2. An improvement as defined in claim 1, wherein said inductance is comprised of first and second coupled windings on a core forming a transformer, said first winding being connected in series in said input circuit and said second winding being connected in series in said output circuit, and

said means for achieving unbalanced current ripple reduction is comprised of an inbalance of leakage inductance in said windings.

3. An improvement as defined in claim 2 wherein said imbalance of leakage inductance is inherent in the design of said transformer.

4. An improvement as defined in claim 3 wherein said imbalance of leakage inductance is in the design of the transformer core.

5. An improvement as defined in claim 1 wherein said inductance is comprised of first and second tightly coupled windings on a core forming a transformer, said first winding being connected in series in said input circuit and said second winding being connected in series in said output circuit, and said means for achieving unbalanced current ripple reduction is comprised of inductance external to said transformer windings in series with the first winding thereof for greater reduction of ripple in the input circuit, or inductance external to said transformer windings in series with the second winding thereof in the output circuit for greater reduction of ripple in the output circuit.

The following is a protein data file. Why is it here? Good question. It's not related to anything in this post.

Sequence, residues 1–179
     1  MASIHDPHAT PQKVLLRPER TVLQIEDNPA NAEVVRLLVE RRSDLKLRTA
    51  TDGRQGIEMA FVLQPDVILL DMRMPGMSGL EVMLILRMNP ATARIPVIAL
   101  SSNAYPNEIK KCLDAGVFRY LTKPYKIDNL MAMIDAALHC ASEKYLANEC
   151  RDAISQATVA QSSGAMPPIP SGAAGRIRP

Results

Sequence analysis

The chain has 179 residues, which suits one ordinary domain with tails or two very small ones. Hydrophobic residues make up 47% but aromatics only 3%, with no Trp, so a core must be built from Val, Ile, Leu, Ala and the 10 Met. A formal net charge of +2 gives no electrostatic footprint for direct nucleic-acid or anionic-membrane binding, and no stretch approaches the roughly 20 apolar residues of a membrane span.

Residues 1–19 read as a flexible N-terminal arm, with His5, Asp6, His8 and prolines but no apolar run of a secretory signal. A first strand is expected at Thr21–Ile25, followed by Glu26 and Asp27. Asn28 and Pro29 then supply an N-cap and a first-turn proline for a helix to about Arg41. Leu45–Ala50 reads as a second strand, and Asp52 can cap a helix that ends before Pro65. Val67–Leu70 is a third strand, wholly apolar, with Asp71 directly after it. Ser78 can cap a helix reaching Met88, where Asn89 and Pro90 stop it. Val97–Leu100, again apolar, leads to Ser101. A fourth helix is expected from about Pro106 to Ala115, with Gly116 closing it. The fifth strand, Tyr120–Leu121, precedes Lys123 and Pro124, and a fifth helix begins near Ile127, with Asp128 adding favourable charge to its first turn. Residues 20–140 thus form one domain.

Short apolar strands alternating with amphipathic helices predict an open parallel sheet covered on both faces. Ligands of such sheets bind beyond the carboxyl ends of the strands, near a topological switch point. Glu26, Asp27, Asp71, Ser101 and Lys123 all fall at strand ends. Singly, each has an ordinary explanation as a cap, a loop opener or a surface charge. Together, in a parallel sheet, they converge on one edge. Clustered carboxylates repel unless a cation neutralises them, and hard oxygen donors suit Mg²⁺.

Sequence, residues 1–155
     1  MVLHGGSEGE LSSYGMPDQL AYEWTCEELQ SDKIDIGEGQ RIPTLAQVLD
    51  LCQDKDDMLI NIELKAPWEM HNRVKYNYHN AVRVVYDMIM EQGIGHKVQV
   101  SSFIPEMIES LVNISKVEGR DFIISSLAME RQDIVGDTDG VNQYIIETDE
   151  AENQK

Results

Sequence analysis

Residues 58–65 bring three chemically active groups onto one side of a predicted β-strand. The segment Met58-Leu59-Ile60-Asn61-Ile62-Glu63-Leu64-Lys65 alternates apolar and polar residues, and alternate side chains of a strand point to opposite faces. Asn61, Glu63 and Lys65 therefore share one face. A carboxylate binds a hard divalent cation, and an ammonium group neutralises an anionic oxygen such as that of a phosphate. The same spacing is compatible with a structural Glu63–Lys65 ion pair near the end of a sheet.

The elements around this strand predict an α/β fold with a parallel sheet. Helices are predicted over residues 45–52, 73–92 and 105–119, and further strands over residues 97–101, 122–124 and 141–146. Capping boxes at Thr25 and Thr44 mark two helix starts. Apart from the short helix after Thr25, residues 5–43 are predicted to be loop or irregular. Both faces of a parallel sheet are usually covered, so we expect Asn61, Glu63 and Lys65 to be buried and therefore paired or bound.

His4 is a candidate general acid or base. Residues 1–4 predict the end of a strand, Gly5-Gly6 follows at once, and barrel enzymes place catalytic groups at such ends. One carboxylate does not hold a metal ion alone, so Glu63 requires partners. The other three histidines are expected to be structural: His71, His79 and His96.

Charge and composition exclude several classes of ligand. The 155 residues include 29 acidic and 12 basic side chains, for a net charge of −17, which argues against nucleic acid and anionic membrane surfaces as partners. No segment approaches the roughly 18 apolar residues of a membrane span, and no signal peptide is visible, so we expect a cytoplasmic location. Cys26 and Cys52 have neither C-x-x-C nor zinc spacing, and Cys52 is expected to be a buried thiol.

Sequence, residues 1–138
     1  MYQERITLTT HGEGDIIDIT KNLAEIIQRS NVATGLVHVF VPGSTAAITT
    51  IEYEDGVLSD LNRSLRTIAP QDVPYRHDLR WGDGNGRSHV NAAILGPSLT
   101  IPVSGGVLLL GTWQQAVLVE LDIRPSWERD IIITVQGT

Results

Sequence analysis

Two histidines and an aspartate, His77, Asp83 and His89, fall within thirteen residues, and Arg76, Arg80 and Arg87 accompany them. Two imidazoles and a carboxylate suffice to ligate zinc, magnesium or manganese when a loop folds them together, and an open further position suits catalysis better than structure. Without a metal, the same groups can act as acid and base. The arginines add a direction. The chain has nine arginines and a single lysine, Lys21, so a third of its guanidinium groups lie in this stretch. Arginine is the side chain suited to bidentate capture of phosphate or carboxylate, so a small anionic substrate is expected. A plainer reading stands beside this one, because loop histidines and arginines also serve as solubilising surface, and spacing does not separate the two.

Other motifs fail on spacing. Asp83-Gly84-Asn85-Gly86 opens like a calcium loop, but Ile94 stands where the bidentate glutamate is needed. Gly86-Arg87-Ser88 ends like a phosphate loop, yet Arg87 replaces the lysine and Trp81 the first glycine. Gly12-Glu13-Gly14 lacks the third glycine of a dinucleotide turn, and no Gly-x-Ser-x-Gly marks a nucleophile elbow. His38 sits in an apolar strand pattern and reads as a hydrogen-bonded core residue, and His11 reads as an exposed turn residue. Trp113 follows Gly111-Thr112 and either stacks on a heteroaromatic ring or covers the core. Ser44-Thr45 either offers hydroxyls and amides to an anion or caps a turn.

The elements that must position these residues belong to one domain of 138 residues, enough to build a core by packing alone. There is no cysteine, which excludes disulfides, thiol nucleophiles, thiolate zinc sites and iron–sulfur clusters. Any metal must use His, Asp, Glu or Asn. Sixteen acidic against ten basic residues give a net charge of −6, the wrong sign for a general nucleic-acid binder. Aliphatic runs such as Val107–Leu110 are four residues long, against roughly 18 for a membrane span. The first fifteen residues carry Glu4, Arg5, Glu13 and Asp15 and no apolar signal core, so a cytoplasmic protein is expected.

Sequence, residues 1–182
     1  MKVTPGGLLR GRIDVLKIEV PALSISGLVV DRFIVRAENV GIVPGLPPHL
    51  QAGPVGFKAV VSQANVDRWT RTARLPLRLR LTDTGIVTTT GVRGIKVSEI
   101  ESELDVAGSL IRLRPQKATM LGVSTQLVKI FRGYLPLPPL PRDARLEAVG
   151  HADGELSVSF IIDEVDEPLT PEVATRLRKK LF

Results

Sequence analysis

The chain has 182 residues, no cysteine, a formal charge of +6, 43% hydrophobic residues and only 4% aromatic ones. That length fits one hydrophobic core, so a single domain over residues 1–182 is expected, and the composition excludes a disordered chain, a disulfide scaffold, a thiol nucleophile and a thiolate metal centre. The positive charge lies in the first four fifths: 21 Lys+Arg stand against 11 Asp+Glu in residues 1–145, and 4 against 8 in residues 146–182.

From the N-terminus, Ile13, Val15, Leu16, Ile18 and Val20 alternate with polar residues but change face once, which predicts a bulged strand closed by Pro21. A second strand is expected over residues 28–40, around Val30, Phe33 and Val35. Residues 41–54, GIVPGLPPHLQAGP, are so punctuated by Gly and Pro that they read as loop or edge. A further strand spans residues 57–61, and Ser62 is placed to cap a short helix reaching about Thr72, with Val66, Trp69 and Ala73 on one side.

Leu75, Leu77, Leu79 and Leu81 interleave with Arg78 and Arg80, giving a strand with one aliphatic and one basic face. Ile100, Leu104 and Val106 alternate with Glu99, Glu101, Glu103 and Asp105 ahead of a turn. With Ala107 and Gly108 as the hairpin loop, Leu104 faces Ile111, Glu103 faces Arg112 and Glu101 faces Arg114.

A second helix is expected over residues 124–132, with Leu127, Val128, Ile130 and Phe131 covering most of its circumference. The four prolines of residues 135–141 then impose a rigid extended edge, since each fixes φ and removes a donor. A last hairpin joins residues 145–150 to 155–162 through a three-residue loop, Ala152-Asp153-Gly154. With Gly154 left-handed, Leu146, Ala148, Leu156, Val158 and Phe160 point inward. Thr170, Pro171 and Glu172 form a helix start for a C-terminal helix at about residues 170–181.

6. An improvement as defined in claim 5 wherein said energy transfer capacitance is divided into two capacitors coupled together by an isolation transformer having a primary winding tightly coupled to a secondary winding, said primary winding being series connected in the return current path of said input circuit, and said secondary winding being series connected in the return current path of said output circuit, thereby to produce dc isolation between said source and load.

7. A switching dc-to-dc converter having a closed series circuit comprised of a first inductance, a source, a second inductance, a load and energy transfer capacitance, said converter further having a core coupling said first and second inductances, means for alternately placing said storage capacitance in a closed series circuit with said source and said load, and means for providing unbalanced current ripple reduction in said first and second inductances without any adjustments required in circuit components after assembly.